Whether it’s legendary castles with their Gothic tops or leafy parks that flit from snow-dusted wonderlands, to people-watching meccas with the seasons, this list of the top 20 attractions in Krakow is sure to have something for every type of traveller.
The buzzing, bar-packed, café-spotted heart of the UNESCO-attested Krakow Old Town, the Market Square, is where all the action has played out since the Middle Ages. Come here for people watching, history, beautiful architecture and more.
The medley of Gothic, Renaissance, Rococo and Romanesque architecture that is the great Wawel Castle can be seen towering over the whole city. It was once the home of the Polish kings and queens, and still has great museums and court rooms as a testimony to its former glory. There are also top views from the bulwarks!
The green belt Planty Park rings the whole area of Krakow’s historic Old Town. Pathways weave this way and that past sculptures and babbling fountains, while locals walk their dogs and cafes spill onto the sidewalks. It’s filled with life in the summer and a veritable winter wonderland during the colder months.
The Barbikan is the only remaining gatehouse of the medieval fortifications that once encircled the whole city. It’s redbrick bulwarks and formidable turrets helped to fend off the Mongol hordes during the 13th century. Today there are occasional theatre productions and other art shows hosted inside.
Looking wonderful in its Polish Gothic shell, St Florian’s Gate marks the start of the so-called Royal Route. Pass through and note the buskers that play everything from highlander folk to Dylan-esque country in the echoing tunnel, before heading into the Old Town in the footsteps of the erstwhile Polish kings.
Built in the image of the primeval Pagan mounds that surround the city at various points, the soaring hill of Kościuszko was raised in 1823 to honour its namesake national hero Tadeusz Kościuszko. From the top, travelers enjoy sweeping panoramas of the city, while clear days even reveal the Tatra peaks to the south.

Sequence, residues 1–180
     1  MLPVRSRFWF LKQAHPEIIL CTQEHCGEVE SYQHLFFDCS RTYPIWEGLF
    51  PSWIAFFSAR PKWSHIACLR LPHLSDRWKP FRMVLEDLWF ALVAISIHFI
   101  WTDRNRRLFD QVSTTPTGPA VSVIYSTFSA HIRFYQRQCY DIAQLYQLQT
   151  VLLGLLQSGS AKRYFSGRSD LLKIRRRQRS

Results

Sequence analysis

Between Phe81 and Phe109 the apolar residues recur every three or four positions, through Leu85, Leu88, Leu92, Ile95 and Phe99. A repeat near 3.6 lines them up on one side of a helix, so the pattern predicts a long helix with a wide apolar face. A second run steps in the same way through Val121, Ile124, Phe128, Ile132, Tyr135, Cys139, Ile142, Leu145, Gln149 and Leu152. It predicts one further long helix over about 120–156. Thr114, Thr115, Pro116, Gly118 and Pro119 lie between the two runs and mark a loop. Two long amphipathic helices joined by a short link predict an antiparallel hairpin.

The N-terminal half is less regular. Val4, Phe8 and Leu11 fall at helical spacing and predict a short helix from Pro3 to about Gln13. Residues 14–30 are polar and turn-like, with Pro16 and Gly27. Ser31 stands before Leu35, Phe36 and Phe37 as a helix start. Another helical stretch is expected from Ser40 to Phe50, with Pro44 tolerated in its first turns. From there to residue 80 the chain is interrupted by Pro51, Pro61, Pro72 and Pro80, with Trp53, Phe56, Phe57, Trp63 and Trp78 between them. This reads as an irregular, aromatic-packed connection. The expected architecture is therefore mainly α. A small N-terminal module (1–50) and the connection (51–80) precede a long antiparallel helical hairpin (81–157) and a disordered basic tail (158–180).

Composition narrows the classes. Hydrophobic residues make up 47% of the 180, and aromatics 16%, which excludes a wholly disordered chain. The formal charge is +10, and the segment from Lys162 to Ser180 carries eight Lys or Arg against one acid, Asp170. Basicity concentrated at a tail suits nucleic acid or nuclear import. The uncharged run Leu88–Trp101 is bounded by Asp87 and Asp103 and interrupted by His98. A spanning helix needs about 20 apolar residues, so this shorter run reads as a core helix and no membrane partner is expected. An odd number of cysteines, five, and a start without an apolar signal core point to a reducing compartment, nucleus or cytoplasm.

Cutting through the very heart of the northern half of the Old Town district, the bustling drag that is Florianska Street hosts everything from craft beer bars to souvenir emporiums to vodka tasting joints. It’s one of the beating nerves of Krakow, and fills to bursting with visitors during the high season.
Hailed as the world’s oldest shopping centre, the Sukiennice has stood in the middle of the Krakow Market Square for centuries. Delve in to flit between the bustling souvenir stalls and their mounds of interesting folk trinkets, or stay outside to wonder at the handsome Renaissance architecture.
The redbrick façade and great twin spires of St Mary’s Basilica have become veritable symbols of the city of Krakow. Looming high over the Market Square, they were first raised in the 14th century, have weathered Mongol invasions, and still host the hourly trumpet call – the Hejnał Mariacki.
Set within walking distance of the Old Town, the historic Jewish Quarter of Krakow was once a separate city in its own right. Today, it’s totally subsumed into the fabric of the town, but still retains a unique culture and vibe with its crumbling tenement blocks, great synagogues and oodles of cool bohemian beer joints.